I am not talking about the Steven Seagal movie here. It’s about photographing directly into the sun. Be aware, you never should look directly into the sun without appropriate protection for your eyes and equipment.
However, that day when I took these pictures I got super lucky. I was on my way to Lompoc for a weekend there and to photograph the launch of the Landsat 9 rocket launch.
While driving along Highway 101, I noticed that you could look straight into the sun because of the wildfire smoke in the air. It was also cloudy that day as well.
I had rented an EF 600mm f/4L IS USM to photograph the rocket launch. After checking in to my hotel for the weekend, I went up Harris Grade Road to take pictures of the setting sun.
Besides the rented EF 600mm I also had my EF 2x Extender with me. I mounted both on my Canon EOS 5D MKII and set it up on my tripod. This gave me an impressive focal length of 1200 mm. Wow, I want a lens like that. 🙂
While shooting the sunset a few locals stopped at the same turnout and asked if they could look at the sun through my camera. I turned on live view so they can all see it on the display at the back of the camera.
I took plenty of photos of the setting sun as. Unfortunately, there was a dense cloud front at the horizon which covered the actual sunset. Either way, I got great pictures of the sun itself. The wildfire smoke-filled air acted as a natural solar filter in this case. Without these circumstances, I would have never been able to capture these images of our star.
The images turned out better than expected. You can even see some of the sunspots in the pictures. First I wasn’t sure if these sunspots are not actually dust spots on my sensor. As the sun kept moving lower to the horizon, I had to reframe my shots a few times. Because of that, the sun ended up in different areas of my frame. By comparing these frames, I noticed that the spots on the sun are always in the same location, no matter where the sun is located in my frame. Postprocessing helped to clean up the image and remove some of the smoke and cloud layers. Therefore I ruled out these spots to be dust on my sensor. These spots couldn’t be any objects like satellites either for the same reason. The sun is moving towards the horizon but I don’t know of any satellite or other object following the same path to be visible from this location. They are actual legitimate sunspots. I couldn’t believe it. I really wish I would own a bigger lens, but as a nomad, a lens like the one I rented is just too big to always carry with me on planes.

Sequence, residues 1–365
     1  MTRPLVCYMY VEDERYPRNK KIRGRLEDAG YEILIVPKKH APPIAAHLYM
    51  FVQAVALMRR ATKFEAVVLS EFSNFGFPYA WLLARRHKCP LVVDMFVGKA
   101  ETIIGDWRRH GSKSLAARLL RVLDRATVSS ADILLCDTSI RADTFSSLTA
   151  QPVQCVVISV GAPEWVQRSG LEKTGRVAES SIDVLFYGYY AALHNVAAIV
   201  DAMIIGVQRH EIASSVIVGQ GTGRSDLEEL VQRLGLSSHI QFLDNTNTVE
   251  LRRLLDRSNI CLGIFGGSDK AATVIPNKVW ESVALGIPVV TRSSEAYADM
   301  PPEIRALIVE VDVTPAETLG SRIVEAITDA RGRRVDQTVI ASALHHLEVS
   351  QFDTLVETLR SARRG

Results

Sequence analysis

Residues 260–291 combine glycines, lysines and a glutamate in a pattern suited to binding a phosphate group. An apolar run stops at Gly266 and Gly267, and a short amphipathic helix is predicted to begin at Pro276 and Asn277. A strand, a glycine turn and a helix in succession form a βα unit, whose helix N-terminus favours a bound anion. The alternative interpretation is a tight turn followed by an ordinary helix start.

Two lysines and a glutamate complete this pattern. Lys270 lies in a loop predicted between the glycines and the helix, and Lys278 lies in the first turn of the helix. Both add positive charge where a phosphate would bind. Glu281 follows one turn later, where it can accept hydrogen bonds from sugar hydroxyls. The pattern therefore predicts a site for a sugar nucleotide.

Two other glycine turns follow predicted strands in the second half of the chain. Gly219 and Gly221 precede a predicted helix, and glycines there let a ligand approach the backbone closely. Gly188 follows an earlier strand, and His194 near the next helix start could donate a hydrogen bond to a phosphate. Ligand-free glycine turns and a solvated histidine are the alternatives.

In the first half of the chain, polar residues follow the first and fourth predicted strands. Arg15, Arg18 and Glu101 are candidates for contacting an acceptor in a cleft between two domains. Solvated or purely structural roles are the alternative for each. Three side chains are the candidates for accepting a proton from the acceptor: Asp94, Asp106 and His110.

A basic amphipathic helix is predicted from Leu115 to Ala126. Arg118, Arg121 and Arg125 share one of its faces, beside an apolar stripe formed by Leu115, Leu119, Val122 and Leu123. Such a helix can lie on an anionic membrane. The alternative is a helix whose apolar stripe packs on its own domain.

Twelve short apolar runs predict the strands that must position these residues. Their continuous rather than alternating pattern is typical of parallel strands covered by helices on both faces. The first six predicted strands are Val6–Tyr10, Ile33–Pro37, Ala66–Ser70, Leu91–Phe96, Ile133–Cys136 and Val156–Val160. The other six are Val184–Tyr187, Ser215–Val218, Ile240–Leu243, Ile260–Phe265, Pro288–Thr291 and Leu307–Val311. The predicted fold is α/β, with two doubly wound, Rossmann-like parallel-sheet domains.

Amazing! I have to look into doing this more often and getting the right gear for my camera set up to take pictures of the sun even during regular days with no wildfire smoke. It was a great coincidence that the day turned out this way and gave me the opportunity to take these amazing pictures.
- Do never look into the sun with your naked eyes. No matter if it’s by directly looking at it or through your camera’s optical viewfinder. This can cause permanent damage to your eyes or even blindness.
- Never point your camera directly into the sun, especially if you use a lens with a large focal length, without appropriate protection like a solar filter. It can damage your camera.
I am sure we all have captured images of the sunset, but have you ever tried to capture images of the sun itself?
Peter has a passion for Traveling, Photography, and Geocaching. These are the best ingredients for amazing adventures all over the globe. “Traveling is fun, no matter if you stay in a luxury hotel or travel like a backpacker.” Peter shares his experiences on his Blog www.gatetoadventures.com
Some of Peter’s photos are published on corporate websites, in-flight magazines, travel guides, and much more.